Because there is no standard treatment which is "right" for each patient, it is well recognized in the law that patients are entitled to be informed of all feasible treatment choices, and the pros and cons of each choice, so that he can make an intelligent decision which best fits his personal criteria and his particular lifestyle. When the information given to a patient is incomplete or misleading, and, sometimes, baldly inaccurate, the patient is deprived of this fundamental right to determine the course of his treatment, and, ultimately, to control the destiny of his health. Wisely, the law, applicable to all states in this nation, appreciates that it is the patient, himself, and not the physician, who must, in the end, live with the consequences of the treatment method employed. It is for this obvious reason that the patient’s preference of treatment among all potential feasible treatment options must be respected and honored.

Unfortunately, it is not unusual that a patient is given incomplete information about treatment options, and is therefore forced to make a critical decision in the dark. Occasionally, patients are told nothing about treatment options other than the treatment method which is being recommended by the physician! Quite often, when dealing with inexperienced surgeons, patients are told of only one operative approach - that approach which with the surgeon is most familiar, without regard for the operative approach best designed to maximize a good result in light of the size and position of the individual tumor in question.

3. Professional treatment

Even when diagnosis is timely, and treatment options, and the risks inherent in treatment, are thoroughly discussed between patient and physician, there are sometimes instances of medical negligence in the performance of surgery itself, or in the response to surgical complications, which constitute negligence. It is important to stress that the mere happening of a bad result does not prove, nor necessarily even imply, negligence on the part of the operating team or hospital staff. Complications are sometimes unavoidable even under the best of care. Only an attorney schooled in the subject matter of brain surgery, in the company of highly experienced medical professionals, are in a position to evaluate whether a patient has sustained an unavoidable complication, or whether a bad result was occasioned by negligent conduct.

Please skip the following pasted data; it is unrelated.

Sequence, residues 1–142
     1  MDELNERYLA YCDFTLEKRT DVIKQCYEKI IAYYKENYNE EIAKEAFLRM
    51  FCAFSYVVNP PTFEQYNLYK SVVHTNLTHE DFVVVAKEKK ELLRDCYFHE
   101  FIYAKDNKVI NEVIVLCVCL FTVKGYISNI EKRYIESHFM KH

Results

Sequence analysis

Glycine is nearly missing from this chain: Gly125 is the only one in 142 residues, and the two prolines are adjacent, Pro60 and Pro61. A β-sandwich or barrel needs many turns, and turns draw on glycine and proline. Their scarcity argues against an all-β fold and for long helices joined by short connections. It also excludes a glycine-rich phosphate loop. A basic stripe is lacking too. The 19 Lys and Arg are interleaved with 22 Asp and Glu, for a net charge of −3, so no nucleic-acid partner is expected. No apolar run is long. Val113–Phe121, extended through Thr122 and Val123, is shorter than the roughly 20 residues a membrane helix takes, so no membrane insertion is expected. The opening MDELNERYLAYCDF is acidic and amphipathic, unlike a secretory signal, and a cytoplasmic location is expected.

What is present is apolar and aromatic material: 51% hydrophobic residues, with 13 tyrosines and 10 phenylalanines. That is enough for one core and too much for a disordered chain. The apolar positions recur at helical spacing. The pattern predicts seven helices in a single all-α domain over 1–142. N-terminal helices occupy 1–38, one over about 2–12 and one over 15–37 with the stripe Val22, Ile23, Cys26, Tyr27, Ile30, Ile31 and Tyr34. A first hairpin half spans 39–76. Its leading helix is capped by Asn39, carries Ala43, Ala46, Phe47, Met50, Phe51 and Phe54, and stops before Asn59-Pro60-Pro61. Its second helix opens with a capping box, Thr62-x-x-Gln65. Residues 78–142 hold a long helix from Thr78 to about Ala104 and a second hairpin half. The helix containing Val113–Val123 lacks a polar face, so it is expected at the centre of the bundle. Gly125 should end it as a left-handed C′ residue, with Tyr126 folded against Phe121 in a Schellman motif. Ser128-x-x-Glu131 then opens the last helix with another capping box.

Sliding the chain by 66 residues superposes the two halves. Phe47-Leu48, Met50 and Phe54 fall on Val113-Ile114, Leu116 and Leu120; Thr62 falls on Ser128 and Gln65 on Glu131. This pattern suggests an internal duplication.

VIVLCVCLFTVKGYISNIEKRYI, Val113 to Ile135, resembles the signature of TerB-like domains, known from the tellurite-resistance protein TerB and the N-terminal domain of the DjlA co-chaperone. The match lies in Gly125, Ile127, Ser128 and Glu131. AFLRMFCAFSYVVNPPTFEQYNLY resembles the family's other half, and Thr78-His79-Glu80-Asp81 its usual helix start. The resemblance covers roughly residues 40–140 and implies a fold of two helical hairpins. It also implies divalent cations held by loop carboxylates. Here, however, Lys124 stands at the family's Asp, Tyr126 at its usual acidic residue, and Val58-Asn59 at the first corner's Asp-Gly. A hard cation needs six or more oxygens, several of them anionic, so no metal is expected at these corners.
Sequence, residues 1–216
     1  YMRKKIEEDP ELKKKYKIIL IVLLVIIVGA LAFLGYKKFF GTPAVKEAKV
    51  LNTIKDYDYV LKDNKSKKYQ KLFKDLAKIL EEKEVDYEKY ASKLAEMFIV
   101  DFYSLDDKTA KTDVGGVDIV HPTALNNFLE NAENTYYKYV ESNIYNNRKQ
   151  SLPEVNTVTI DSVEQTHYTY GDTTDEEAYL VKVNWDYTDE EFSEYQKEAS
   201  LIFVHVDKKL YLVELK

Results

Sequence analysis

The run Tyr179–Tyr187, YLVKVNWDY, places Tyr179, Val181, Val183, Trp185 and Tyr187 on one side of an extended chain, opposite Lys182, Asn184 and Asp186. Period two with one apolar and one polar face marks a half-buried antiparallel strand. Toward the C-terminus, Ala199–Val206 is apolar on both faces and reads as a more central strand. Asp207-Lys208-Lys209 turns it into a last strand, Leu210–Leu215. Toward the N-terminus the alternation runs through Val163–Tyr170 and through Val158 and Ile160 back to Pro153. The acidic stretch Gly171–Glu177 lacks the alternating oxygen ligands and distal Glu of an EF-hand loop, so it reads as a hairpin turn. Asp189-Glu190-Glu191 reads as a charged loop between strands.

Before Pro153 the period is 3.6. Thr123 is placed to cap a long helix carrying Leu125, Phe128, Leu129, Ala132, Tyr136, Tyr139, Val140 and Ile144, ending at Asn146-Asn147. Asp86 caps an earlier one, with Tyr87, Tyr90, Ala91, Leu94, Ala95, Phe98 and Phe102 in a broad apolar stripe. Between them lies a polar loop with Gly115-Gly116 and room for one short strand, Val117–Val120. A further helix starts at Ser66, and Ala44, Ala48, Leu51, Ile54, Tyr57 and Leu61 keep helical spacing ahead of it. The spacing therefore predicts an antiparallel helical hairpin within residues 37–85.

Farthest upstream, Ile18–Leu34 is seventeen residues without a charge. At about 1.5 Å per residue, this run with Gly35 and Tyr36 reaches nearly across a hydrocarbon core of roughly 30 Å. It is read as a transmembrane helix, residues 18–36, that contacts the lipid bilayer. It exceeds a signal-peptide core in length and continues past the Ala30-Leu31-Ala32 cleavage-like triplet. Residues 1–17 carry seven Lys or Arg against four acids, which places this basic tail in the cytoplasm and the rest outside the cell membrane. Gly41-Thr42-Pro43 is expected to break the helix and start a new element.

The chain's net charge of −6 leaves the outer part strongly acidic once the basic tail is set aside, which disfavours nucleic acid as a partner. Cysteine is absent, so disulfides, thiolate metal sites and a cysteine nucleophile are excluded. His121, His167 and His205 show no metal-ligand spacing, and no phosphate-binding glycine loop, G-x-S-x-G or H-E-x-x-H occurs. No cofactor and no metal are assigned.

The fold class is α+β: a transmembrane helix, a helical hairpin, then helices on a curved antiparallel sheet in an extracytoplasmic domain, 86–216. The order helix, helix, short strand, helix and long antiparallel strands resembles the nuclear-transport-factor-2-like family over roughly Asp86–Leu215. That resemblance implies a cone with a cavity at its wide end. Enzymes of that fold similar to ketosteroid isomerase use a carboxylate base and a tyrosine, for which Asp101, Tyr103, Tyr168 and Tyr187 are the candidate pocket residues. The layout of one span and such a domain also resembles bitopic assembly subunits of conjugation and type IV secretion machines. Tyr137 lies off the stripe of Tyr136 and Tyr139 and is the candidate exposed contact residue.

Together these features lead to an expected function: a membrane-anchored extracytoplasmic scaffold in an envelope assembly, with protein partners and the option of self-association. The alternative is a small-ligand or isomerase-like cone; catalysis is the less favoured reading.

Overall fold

The best weapon against falling victim to medical negligence in the treatment of acoustic tumors is the patient who makes an effort to educate himself, and who comes to the physician appointment armed with questions to help him understand his medical status. No physician should be "put off" or offended by his patient’s desire to understand his own medical condition, and concomitant desire to take an active role in making intelligent decisions about treatment. When medical professionals and patients work together for the mutual goal of restoring the patient to health, the spirit of teamwork can accomplish very acceptable results, and, sometimes, results little short of miraculous.

The diagnosis of an acoustic tumor, while at first a shock to any patient, does not have to end with disastrous consequences. On the contrary, when the patient/physician team concept crystalizes, and efforts are combined, the overall experience can be positive, and represent a true opportunity for personal growth.

April Kutay is a medical negligence attorney who has represented victims of malpractice for the past 16 years. Since the mid-90's, Attorney Kutay has limited her practice to representing patients afflicted with brain tumors, including acoustic neuromas, menigiomas, cavernous haemangiomas, haemangiopericytomas, glomus tumors, pituitary adenomas, and others. She has successfully represented patients in the areas of delay in diagnosis, lack of proper informed consent, surgical error, and negligent medical follow-up for surgical complications. Ms. Kutay’s brain tumor litigation practice is nationally based, and she presently represents patients in multiple states. She is also a frequent lecturer to physician groups and patient organizations on the subject of the role of the law in treatment of brain tumors. Ms. Kutay may be reached for consultation at her e-mail address,, or by phone  at 1-800-334-4119.

Last Edited: Monday, November 18, 2002